Tuesday, October 26, 2010

Slowing down in Split, Croatia

Upon landing in Split, Croatia, Yuriy and I couldn’t help smiling… sunshine! We had been waiting for this. Half of my suitcase consists of dresses, shorts, and sandals, and I was unable to wear them in Paris and London due to real Autumn weather. We rented an apartment for a week in advance, and the owner, Zdravko picked us up from the airport and stopped at a mart to get us a bottle of merlot, as promised in the online ad. It was great to start the stay in Split chatting with a local about the area. I asked Zdravko to translate several basic phrases into Croatian as I scribbled them into my notepad to study later. When I asked him how to say “sorry/excuse me”, he said “that’s beautiful”. According to him, all the Italians that come to visit speak strictly Italian. They don’t even bother learning a single word in Croatian. This goes to show how much it’s appreciated to pick up a few words in the local language (we later found that many of the tourists were from Italy, which is just a ferry ride across the Adriatic Sea).

We were pleasantly surprised to hear that many of the Croatian phrases sounded very similar to Ukrainian, our native language! For those that speak Ukrainian/Russian and might be mildly interested, "good afternoon" is "dobar dan" and "good evening" is "dobra vecer" (with the "c" pronounced like "ch").

The first thing to strike us in Split was how old everything looked. The buildings seemed to be crumbling. The style was outdated. The apartment buildings were attached by a wild series of strings that held laundry drying in the sun. Our apartment was simply built and didn’t have an oven or microwave, just 2 tiny burners. Hot water in the shower lasted hardly over 5 minutes. The small city had too many old churches for its size, and the occasional nun walking the streets. Church bells rung on the hour. We desperately needed an adapter for the euro outlets to charge up our electronics (laptops, cameras, phones), but they were no where to be found, despite our mad hunt about town. We felt so disconnected and misplaced, but oddly at peace. Since our phones were dead, we didn’t have alarms to wake us. This was our first chance since the wedding to relax.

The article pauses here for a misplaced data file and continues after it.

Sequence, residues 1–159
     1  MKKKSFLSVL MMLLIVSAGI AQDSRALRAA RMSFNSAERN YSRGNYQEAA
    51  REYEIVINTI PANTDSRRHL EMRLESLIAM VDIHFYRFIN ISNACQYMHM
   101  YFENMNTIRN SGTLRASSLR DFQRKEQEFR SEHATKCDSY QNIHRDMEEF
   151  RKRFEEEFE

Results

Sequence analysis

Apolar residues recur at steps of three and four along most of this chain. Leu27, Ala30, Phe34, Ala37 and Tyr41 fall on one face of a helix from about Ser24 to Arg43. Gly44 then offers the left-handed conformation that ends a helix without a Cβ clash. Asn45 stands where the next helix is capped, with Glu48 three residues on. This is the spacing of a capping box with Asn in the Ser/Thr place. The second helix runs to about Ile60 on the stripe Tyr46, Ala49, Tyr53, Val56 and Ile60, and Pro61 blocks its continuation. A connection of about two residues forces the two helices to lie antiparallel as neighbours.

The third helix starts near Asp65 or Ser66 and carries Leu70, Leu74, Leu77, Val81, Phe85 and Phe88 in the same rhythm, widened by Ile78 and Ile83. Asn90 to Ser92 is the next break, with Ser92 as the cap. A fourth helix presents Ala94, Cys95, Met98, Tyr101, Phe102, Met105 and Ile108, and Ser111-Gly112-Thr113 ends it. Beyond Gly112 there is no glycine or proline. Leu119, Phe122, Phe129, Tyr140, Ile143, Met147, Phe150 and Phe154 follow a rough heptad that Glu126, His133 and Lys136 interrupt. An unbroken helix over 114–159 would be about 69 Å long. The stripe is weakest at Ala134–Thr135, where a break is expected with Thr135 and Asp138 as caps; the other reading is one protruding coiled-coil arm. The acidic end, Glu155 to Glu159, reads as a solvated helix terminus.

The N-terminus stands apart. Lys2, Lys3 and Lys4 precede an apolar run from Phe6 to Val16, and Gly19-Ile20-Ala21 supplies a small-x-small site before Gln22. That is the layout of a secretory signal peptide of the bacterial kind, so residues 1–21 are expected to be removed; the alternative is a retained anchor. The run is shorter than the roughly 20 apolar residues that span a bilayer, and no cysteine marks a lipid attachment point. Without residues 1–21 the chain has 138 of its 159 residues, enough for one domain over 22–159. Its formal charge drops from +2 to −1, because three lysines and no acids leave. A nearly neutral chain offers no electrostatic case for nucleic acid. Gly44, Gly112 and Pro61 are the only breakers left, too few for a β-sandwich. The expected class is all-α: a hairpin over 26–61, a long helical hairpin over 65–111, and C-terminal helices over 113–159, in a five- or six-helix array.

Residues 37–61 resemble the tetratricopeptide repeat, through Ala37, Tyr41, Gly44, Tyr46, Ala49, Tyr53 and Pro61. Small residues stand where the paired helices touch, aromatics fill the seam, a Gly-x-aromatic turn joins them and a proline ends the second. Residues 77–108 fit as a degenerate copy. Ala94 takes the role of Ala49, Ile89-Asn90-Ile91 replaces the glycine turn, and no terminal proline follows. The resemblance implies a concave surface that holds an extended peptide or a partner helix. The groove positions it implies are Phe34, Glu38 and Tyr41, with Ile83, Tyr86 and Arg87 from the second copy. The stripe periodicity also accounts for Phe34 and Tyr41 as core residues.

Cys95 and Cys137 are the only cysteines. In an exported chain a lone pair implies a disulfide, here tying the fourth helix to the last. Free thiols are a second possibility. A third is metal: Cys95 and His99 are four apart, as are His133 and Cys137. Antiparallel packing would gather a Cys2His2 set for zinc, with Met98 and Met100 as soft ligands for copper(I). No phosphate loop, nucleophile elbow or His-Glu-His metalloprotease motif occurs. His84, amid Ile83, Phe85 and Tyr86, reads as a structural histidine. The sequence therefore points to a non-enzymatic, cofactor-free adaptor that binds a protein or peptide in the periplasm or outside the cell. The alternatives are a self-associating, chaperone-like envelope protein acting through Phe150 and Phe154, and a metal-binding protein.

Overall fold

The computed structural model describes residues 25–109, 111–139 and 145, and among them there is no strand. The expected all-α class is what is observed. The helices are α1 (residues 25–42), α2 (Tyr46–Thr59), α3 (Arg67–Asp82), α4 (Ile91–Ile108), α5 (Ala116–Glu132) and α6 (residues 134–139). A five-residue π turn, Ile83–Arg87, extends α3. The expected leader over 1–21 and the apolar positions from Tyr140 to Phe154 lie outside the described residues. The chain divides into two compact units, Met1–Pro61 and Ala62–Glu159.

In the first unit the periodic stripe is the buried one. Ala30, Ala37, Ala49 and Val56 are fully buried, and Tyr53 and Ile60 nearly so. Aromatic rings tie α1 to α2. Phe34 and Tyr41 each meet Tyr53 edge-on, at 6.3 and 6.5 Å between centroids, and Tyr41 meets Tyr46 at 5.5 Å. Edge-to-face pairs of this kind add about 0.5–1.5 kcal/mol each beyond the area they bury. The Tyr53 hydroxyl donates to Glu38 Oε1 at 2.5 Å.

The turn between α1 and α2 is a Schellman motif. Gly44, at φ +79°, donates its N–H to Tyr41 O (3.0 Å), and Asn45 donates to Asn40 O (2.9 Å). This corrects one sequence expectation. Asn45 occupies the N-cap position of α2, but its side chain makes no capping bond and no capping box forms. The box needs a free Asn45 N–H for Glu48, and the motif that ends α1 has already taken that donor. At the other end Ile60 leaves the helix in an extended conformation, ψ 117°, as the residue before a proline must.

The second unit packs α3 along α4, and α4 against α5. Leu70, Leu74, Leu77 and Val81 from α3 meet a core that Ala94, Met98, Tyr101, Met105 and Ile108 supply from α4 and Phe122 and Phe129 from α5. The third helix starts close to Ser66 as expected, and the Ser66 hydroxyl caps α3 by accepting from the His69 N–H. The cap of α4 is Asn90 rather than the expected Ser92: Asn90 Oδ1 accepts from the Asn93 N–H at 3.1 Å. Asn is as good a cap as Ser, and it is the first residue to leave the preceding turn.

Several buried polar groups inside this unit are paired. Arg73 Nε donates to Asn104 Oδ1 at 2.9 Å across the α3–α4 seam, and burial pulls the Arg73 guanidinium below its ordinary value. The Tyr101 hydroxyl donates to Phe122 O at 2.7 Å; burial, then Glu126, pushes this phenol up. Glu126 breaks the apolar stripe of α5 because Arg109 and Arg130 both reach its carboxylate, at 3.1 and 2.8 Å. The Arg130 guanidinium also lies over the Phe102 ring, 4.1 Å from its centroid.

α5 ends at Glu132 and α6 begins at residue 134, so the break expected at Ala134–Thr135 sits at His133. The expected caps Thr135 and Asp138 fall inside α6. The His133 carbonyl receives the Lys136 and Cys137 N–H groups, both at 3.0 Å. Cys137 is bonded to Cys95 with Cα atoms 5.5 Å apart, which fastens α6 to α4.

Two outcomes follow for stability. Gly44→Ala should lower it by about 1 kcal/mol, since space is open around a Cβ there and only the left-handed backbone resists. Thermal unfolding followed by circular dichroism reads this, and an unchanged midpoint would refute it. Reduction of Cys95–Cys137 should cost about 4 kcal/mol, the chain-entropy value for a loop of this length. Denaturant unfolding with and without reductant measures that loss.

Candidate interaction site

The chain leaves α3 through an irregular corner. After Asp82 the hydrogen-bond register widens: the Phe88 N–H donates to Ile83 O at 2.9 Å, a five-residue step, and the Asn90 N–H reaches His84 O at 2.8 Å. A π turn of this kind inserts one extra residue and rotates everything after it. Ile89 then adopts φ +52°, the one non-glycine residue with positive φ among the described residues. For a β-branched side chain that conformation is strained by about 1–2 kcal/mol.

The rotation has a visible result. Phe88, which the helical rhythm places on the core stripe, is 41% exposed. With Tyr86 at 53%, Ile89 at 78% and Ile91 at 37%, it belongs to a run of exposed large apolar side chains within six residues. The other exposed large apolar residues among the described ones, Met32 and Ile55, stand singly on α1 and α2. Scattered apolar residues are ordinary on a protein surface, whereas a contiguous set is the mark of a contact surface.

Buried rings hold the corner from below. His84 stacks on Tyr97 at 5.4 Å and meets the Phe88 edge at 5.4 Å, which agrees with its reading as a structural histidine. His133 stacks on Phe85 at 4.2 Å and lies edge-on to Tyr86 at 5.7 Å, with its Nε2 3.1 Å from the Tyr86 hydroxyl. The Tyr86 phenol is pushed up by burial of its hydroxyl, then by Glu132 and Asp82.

In Split, there was no running around, no list of tourist sites to check off day by day. The old town center is small enough to walk across and around without the need for public transportation. In fact, cars can’t even drive through many of the streets in the city. The white stone streets are traveled by foot, some side streets the width of a hallway. Concealed in the maze is what locals like to call the smallest street in the world, which has been named “let me pass”. I finally got to dig out my books and spend time reading. We ate local mandarins and pomegranates daily, until my mouth hurt from all the sourness. We enjoyed cooking late breakfasts in our little kitchen. I chopped, Yuriy fried. On our first full day, a Sunday, we enjoyed a simple picnic on a blanket next to the sea, which consisted of spicy sausage, cheese, tomatoes, bread, fruit, and wine—all purchased from the outdoor market that morning. We must have looked way too cute, because quite a few people pointed or stared and an older man discretely took our photo. 

- Julia